I work at a transformational level rather than a transactional level to achieve change.
To illustrate the difference, let me explain what I don’t do.
Transactional or surface level coaching focuses on a specific problem and how to overcome it. For example, if someone has problems with being assertive during meetings, a transactional form of coaching may put together plans and goals for achieving greater assertiveness in meetings. This could include making eye contact, practising different forms of signalling, breathing, putting things in writing to the chair so that we are specifically asked to speak, and so on.
Transformational coaching allows us to explore the problem more deeply. We’ll seek to understand more about ‘the problem’
- when it started
- how significant others behave(d)
- if some situations/people are easier to deal with than others
- what thoughts you have in situations where you need to be assertive
- how you feel
- what happens in your body
- how you see yourself in relation to others
- your identity, and so on.
In essence, transformational coaching allows us to focus on you as a person and the wider context of the issue rather than on your issue only. We’ll work holistically exploring your thinking, your feelings and emotions, and how you relate and interact with people in your life and career.
We’ll also consider your environment, culture, context, social factors, your history and growing up story. Some may be more relevant than others to the issues in the here-and-now but all fit into your story.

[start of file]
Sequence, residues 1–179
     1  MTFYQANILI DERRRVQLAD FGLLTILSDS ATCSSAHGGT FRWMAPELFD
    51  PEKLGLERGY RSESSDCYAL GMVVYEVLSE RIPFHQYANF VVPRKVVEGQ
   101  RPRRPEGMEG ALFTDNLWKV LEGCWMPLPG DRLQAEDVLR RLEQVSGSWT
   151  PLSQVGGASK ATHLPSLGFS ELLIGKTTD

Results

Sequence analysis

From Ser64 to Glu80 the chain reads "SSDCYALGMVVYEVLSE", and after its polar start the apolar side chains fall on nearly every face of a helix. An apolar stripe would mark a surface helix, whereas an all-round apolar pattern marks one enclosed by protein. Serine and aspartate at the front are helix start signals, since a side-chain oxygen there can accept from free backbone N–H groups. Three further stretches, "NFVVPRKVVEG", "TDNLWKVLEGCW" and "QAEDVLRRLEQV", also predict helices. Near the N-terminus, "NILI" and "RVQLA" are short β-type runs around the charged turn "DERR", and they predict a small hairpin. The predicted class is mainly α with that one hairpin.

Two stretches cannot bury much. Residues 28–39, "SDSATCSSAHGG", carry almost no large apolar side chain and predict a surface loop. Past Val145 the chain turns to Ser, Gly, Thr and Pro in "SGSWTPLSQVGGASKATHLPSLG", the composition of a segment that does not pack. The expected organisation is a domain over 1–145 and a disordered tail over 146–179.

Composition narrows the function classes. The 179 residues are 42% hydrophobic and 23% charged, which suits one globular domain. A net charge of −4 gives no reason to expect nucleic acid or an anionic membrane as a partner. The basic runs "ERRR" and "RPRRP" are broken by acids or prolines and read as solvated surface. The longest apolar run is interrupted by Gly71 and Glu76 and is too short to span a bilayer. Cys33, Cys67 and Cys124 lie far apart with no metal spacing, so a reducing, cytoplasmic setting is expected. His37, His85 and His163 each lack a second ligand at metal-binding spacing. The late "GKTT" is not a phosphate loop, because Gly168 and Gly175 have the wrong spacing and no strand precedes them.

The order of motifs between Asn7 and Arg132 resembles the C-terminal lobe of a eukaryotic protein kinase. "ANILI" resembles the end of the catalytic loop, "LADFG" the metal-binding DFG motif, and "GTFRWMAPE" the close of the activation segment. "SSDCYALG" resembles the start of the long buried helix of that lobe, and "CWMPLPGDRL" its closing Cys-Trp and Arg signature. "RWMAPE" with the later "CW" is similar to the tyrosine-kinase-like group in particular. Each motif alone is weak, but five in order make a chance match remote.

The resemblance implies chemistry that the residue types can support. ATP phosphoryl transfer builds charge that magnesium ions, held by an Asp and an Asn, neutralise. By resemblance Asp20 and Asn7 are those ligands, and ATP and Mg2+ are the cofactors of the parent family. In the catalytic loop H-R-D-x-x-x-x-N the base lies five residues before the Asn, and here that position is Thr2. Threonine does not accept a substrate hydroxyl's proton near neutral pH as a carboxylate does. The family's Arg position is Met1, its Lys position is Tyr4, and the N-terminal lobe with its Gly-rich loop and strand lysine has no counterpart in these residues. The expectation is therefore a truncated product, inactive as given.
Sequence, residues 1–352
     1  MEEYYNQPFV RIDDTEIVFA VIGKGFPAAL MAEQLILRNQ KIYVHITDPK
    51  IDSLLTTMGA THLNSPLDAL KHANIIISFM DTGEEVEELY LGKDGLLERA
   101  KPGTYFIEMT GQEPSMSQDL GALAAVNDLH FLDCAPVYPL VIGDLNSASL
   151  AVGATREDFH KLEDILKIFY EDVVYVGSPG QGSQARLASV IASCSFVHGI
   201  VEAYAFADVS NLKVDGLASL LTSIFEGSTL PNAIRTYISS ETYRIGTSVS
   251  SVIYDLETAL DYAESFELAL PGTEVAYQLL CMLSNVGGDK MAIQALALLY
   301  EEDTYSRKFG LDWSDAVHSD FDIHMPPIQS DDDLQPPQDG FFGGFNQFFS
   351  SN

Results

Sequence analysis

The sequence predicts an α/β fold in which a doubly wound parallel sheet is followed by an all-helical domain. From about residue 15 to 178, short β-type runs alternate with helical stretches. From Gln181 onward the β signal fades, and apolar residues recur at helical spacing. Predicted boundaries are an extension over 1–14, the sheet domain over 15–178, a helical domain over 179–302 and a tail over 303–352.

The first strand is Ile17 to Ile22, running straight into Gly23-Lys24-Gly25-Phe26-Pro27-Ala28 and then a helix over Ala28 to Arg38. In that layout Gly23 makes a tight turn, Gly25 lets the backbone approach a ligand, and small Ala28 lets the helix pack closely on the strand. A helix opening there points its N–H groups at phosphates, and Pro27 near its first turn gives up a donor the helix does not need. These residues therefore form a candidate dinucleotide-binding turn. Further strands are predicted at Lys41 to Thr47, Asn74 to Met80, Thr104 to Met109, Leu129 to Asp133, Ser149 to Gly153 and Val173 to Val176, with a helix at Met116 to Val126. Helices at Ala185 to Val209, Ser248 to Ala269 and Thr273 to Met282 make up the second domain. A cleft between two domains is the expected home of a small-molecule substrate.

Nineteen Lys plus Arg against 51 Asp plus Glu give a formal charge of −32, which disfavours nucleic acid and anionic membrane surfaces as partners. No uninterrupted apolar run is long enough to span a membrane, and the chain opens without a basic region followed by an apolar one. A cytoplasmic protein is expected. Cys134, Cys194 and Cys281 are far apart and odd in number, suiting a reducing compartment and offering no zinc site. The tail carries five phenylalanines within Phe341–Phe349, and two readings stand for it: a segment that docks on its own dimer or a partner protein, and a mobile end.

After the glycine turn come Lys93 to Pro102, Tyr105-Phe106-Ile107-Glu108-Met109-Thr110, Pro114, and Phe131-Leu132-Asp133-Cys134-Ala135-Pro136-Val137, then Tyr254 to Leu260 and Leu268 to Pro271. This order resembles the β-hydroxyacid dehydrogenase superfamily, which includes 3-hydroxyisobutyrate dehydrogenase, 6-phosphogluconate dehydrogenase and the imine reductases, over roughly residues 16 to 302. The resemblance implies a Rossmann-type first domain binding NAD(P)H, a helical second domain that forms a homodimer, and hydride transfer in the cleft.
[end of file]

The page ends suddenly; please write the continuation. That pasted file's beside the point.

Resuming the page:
The value of this approach is that it allows you to become more aware of how you perceive things and what triggers particular feelings, thoughts and behaviours.
By increasing awareness, and taking a helicopter view, we can then focus and make small changes that help you achieve long-term and sustainable change, creating competence and resilience for life’s issues and struggles.
How we change and how we stay the same are exactly the same process
We have habitual ways of behaving. These are our natural and normal, comfortable reactions to everything – they reflect the kind of person we are: our commitments, values, reactions, the people in our lives and our belongings.
The way we are influences what we notice and pay attention to. We are selective in what we notice (however much we deny it or are unaware of it) and because we pay attention to certain things we therefore act in certain ways and engage in certain practices.
And so the cycle continues.
To intervene and enable change is not therefore simply a matter of making up our mind to change. Instead, we start with noticing, observing and becoming more self-aware. Then we can engage in new actions, practices and behaviours.
It is the doing, the taking action that brings change about.
With coaching, we will assess your current reality and your behaviours. And then we can establish your intended outcomes, and the behaviours that will support you in achieving these.
Then we will discuss the path toward achieving change. This will be done by opening up more possibilities through practice – a behaviour done again and again.
Your commitment to the process
Transformational coaching requires you to be an active participant, to self-observe and self-reflect so that you can learn, increase your awareness and assess how you are performing.
It will also require you to bring a willingness to engage in different activities – all discussed and designed to support your increased competence and to facilitate change.
The more you put in, the more you will get out.